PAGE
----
Hemorrhoids: Causes, Symptoms and Treatment

Hemorrhoids are blood vessels that are located in the muscles of the walls of the rectum and anus. They are located at the junction where small arteries merge into veins. 

Now, hemorrhoids become an issue when they begin to swell, cause itching, pain and/or bleeding. This condition is referred to as hemorrhoidal crises or hemorrhoidal disease (commonly called pile).

Causes of Hemorrhoidal Disease

It usually develops due to increased pressure in the lower rectum and this can be due to: 

  1. Straining while stooling.
  2. Sitting for too long 
  3. Chronic diarrhea or constipation
  4. Obesity
  5. Pregnancy
  6. Anal sex
  7. Regular heavy lifting
  8. Colon cancer 
  9. Previous kidney surgery
  10. Alcohol, fat or spicy foods

Risk factors

  1. Age – The older one gets, the more predisposed they are because of weakening of the tissues supporting the veins in the rectum and anus.
  2. Family history – When a family member had the condition.

There are different types of hemorrhoids and they are classified based on their location to the pectinate line(this is the dividing point between the upper 2/3 and lower 1/3 of the anus).

They include: 

  1. Internal hemorrhoids: These are located above the pectinate line and are covered with same cells as those that line the intestine. There are different grades of internal hemorrhoids, based on the degree of position change below the pectinate line into the anal canal.

Grade 1: Here the hemorrhoid bulges into the anal canal but it doesn’t fall completely. This may bleed.

Grade 2: It becomes visible outside the anus during straining but spontaneously returns to its original internal position once the straining is stopped.

Grade 3: The hemorrhoid protrudes past the anus without any straining.

Grade 4: Here the hemorrhoid becomes too painful to be pushed back in.

  1. External hemorrhoids: These are located below the pectinate line and are covered with cells that resemble the skin.

Symptoms

1. External hemorrhoids: These can form blood clot and lead to: 

  • Acute and throbbing pain (most common)
  • Excess skin tags that cause difficulty with cleaning after stooling and can cause secondary skin infections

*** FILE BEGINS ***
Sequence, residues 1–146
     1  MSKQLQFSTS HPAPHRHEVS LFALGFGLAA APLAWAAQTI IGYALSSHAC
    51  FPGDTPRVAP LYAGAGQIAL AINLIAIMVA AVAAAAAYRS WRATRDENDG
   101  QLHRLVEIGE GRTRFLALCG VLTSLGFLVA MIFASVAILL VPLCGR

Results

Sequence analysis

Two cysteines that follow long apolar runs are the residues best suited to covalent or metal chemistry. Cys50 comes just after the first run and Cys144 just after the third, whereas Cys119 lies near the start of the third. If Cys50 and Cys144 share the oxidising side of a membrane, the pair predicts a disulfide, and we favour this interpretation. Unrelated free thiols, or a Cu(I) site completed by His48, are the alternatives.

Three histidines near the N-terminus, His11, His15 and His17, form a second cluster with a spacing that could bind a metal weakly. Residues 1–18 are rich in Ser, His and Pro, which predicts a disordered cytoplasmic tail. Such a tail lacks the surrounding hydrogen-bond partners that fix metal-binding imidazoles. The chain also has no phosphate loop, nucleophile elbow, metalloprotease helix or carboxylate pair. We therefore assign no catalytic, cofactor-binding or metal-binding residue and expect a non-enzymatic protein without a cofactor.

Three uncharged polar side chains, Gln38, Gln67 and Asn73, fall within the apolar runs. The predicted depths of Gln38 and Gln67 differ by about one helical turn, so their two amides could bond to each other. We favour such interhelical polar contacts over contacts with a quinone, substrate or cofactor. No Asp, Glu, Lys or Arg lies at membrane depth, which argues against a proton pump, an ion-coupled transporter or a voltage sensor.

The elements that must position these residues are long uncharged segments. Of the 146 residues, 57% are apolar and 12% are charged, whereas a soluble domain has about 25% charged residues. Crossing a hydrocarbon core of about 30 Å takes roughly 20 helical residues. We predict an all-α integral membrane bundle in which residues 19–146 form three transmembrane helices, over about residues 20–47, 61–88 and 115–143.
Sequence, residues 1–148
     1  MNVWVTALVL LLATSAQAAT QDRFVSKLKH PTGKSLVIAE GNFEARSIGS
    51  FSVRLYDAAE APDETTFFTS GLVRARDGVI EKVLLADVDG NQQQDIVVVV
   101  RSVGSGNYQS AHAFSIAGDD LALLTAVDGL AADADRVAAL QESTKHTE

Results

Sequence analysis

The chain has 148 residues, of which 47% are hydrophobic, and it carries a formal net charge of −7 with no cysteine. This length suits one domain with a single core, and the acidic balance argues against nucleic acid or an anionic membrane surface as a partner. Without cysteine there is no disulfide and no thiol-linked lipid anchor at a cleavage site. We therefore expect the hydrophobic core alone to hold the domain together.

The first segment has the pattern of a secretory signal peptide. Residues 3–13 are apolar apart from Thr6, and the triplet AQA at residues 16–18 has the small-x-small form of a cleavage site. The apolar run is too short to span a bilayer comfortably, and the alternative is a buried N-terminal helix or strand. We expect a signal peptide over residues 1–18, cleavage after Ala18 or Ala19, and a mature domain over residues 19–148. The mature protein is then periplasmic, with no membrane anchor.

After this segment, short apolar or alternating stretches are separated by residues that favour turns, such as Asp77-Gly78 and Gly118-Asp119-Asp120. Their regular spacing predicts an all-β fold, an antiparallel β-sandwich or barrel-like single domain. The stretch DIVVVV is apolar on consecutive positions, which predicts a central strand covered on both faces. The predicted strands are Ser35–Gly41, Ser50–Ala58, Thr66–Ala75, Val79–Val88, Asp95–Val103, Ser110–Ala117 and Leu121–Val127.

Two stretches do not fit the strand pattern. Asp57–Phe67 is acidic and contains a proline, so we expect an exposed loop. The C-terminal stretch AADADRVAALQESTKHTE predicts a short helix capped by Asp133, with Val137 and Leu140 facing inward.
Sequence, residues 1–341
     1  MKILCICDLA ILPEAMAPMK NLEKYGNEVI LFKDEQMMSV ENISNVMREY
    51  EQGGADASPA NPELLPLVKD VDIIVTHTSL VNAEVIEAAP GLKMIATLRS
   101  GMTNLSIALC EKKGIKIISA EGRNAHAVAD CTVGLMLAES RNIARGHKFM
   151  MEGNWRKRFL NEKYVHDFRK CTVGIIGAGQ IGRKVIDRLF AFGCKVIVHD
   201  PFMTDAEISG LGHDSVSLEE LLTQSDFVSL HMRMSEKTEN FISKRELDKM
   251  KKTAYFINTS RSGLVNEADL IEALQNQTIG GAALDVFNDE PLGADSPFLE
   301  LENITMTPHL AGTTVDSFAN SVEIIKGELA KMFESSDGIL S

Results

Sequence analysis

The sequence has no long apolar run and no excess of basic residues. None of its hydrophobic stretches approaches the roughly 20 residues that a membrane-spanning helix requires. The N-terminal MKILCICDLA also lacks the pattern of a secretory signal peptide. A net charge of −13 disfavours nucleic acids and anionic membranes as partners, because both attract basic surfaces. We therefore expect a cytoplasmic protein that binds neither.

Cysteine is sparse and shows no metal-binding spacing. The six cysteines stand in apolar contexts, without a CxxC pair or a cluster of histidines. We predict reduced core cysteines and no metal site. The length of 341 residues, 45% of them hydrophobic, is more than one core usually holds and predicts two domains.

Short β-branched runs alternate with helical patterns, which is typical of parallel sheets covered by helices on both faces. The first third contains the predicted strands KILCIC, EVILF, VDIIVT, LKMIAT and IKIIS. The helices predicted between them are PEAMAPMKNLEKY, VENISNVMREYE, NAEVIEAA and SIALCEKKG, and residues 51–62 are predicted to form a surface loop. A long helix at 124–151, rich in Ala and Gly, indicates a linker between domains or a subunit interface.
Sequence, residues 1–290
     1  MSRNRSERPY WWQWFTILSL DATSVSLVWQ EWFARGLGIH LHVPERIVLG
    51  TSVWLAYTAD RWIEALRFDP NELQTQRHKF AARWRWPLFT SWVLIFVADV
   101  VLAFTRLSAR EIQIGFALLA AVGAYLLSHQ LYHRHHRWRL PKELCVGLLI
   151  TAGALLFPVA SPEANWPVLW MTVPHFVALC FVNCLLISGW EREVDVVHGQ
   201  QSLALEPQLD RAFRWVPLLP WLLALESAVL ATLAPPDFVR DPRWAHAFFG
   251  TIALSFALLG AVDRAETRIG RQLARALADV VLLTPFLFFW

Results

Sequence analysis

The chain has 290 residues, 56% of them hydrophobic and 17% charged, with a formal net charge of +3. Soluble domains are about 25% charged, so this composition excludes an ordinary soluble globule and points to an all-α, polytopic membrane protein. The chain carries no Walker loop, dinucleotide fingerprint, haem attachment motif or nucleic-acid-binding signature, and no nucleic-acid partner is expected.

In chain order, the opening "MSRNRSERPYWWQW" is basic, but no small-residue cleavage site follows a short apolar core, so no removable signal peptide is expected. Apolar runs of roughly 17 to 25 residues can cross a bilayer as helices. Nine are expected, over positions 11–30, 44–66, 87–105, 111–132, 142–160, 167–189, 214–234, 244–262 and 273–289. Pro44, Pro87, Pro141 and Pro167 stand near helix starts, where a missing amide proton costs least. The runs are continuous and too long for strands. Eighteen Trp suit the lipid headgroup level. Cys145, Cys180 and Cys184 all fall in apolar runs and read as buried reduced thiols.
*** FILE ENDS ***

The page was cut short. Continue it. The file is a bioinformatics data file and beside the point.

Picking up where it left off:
• Dark and clotted bleeding

2. Internal hemorrhoids: These can prolapse (move from original position) and/or form blood clots    causing:

  • Bleeding that is usually painless (most common) 
  • Mucus discharge which leads to irritation (burning and itching) of the skin around the anus
  • Moderate fecal incontinence (inability of the bowel to hold feces)
  • Pain (rarely) 

Diagnosis

  1. Physical examination
  2. Anoscopy, sigmoidoscopy or colonoscopy (All examinations carried out to examine changes around the bowel and anus).

Treatment Options

  • Medications

This includes pain killers like diclofenac, stool softeners, anti-diarrheal agents, other medications including suppositories to shrink the hemorrhoid. its important to be very weary of herbal medicines peddled as been effective

  • Surgery

Widely used for those who medications prove ineffective

  • Lifestyle measures (These are quite effective for prevention as well)
  1. Increase in fiber intake and fluids
  2. Avoiding prolonged sitting/defecating position and straining
  3. Avoiding anal intercourse
  4. Regular exercise

In conclusion it is important to get treated at early stages for better results if any symptoms are experienced. Seeing a physician is really important. Self medication is not the way to go.

Pharm Blessing Maduelosi (B.Pharm UPH)